I have tens of thousands of letters and cards and even more e-mails from mostly women ranging from their thirties to seventies, though along with that age group, there are college-age girls and elderly women who stand in long lines to meet me during my book tours.
I've received surprisingly little criticism, although there have been a handful of Amish in Ohio, especially, who have pointed out the scriptural basis for their shunning practices, as if attempting to set me straight. The most common praise? "You originated Amish fiction, and you're still the best Amish author." I also hear from readers that they feel as if they're reading non-fiction, discovering an exotic community and getting a front-row-seat glimpse into the world of the Lancaster County Amish. They also repeatedly say they feel a bond with me, as their author-friend, and that I'm writing stories just for them
How do you continue to adapt the stories as time goes on without them becoming staid? Do you ever find your role as the head of the genre restrictive as a writer?
There is a plethora of topics to explore. I sometimes think I may never live long enough to explore all of the unique story lines I have either in my head or waiting in my computer file.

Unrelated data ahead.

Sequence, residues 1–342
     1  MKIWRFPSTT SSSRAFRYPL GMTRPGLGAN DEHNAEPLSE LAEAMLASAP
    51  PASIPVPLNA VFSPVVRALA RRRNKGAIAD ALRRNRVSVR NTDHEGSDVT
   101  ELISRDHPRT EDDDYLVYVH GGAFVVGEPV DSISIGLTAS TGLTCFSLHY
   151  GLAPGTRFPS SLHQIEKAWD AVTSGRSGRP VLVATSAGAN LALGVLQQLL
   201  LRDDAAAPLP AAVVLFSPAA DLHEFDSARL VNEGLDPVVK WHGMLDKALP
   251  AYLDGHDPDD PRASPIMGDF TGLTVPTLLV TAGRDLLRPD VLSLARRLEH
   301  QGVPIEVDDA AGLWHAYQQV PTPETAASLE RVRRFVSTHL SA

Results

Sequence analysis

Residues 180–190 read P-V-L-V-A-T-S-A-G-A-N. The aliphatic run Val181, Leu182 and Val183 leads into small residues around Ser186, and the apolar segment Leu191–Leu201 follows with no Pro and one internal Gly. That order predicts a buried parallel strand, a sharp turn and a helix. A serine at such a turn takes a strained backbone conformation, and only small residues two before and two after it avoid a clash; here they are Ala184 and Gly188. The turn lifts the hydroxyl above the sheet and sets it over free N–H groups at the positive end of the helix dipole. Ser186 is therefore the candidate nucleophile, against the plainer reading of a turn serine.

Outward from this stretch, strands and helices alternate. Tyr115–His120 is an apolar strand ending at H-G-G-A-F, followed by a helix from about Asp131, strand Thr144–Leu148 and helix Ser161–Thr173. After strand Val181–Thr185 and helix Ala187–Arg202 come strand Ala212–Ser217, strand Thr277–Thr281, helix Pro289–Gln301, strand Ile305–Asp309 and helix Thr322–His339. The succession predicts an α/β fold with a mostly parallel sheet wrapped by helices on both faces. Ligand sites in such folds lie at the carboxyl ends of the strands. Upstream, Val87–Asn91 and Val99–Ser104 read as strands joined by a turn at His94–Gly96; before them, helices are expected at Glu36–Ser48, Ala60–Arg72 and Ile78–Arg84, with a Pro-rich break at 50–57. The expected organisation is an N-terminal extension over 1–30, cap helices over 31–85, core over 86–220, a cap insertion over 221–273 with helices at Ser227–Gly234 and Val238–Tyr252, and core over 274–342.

I'm a writer; it's not just what I do, but who I am. As I stated earlier, there are so many story lines and "leading ladies" flitting about in my head, waiting for their turn. I have great passion for my work.
What is the most common stereotype regarding the Amish community?
That they are more holy or sin less than the rest of us. What makes the Amish romance genre such a popular one across the spectrum?
I asked my Facebook readers recently what aspect of the Amish culture interests them the most. The answers ran the gamut from "their simplicity" to "the way they treat their children" and "they take care of their infirm and their elderly." Books written with Amish settings, whether they are considered romance novels or another type of genre, are part of a broader fascination. The truth is, readers are Amish-crazed and have been since my first novel was published in April of 1997. The "Old Ways" have an incredible draw: They remind us of how some of our grandparents and great-grandparents lived, with cookstoves and outhouses and well pumps.
How far is the romanticized version of Amish life from the truth?